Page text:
Pakenham rode bare-headed; the heat of his hatband made his head ache; once out of sight of headquarters he liked to tuck his hat under a saddle flap. A stray crumb from his hasty lunch stuck to his upper lip. Lord Wellington glanced at his brother-in-law with dismay. He disdained to eat when there was work to be done, and contented himself with a boiled egg from his pocket. Worse than that, the glint of silver in Ned's fair curls reminded him of Kitty and her brown hair turned to grey, and then of the letter she had sent; a ramble about household arrangements and investments. Investments! Women presumed to know too much and then talked too much about it. What did he care what Kitty did with her pin money or the savings on the housekeeping she mentioned, when he struggled to find the cash to feed his army? Forty thousand men, doctors and unctuous chaplains, women who attached themselves to the baggage train despite his best efforts, horses and mules, servants, hundreds of cattle for slaughter: all to be fed, every man and beast turned towards him, mouths agape.

It would be better not to hear from Kitty at all. Or, to put it another way, when he did receive letters, he was glad of the profession he had chosen, grateful for war. Here in the Peninsula he could at least forget the mistake of his marriage and soothe himself with the women who came for him after a victory. Who knew what Ned imagined: his officers and staff knew better than to refer to Kitty in his presence.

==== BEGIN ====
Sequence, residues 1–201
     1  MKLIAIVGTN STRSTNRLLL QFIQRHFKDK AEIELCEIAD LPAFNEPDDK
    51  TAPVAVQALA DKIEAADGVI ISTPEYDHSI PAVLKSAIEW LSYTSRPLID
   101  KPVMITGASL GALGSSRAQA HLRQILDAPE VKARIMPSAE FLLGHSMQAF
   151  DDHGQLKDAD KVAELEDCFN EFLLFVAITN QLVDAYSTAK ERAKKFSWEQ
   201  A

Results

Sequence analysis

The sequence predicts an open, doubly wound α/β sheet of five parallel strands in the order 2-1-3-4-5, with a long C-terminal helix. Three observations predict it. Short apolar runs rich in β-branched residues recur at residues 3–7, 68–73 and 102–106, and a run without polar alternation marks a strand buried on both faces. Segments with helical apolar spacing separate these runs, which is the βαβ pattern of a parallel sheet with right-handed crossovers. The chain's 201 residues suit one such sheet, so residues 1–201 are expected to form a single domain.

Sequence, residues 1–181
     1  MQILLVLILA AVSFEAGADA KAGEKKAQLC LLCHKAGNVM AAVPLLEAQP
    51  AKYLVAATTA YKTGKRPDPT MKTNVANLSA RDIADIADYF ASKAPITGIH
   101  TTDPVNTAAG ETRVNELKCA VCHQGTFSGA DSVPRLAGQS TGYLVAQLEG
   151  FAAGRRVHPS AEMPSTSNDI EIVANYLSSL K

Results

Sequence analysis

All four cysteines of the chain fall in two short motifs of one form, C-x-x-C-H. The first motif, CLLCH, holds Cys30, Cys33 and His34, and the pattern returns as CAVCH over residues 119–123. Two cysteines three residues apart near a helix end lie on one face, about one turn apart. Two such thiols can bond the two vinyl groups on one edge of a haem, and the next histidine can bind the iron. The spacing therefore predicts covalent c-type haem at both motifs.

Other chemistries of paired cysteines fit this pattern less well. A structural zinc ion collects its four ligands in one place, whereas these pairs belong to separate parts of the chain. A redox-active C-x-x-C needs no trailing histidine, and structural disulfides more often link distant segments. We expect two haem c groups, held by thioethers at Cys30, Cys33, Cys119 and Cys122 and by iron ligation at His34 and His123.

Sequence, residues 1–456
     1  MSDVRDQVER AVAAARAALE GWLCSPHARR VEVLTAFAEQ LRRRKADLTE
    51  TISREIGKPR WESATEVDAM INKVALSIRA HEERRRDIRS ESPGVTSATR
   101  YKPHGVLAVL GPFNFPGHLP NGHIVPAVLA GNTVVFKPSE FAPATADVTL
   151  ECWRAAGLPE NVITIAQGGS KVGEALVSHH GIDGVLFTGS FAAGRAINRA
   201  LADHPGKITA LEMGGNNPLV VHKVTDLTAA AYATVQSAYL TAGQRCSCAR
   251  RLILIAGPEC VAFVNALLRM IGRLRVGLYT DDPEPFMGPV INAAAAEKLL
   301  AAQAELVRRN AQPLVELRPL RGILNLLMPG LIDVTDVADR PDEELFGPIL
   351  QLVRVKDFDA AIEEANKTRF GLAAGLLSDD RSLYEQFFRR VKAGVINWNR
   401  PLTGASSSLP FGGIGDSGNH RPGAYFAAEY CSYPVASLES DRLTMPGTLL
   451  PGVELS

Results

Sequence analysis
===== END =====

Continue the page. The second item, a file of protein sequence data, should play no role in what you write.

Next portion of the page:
Then, Kitty was almost forty, and that was another reason not to think of her. It showed him up to be near forty-three. Lord Wellington disliked the thought of his own age; it stood as a kind of defeat. He demanded a bachelor feel to headquarters, insisted on the timbre of youth. His officers, unlike his wife, were always eager to comply; boys as young as twenty aped his manner and copied his dress.

Now, this morning, there had been a second letter that annoyed him even more than Kitty's, a request from a gentleman volunteer to be placed ‘where danger and valour most demanded it', or something of the sort. What nonsense these perfumed creatures wrote. This one, the Honourable Robert Heaton, was fresh out from Piccadilly it looked like, with servants, horses, the latest kit and no doubt a volume of Walter Scott in his valise. Or Moore's Irish Melodies, a book that he, as an Irishman who knew that wet green wasteland, had special cause to dislike. ‘Go where glory waits thee'; that was its first line, its absurd sentiment. They plagued his life, these volunteers. Heaton's letter mentioned ‘previous postings in the service of the crown'. The man had most likely been a member of the militia and done a turn round his park on a Sunday afternoon.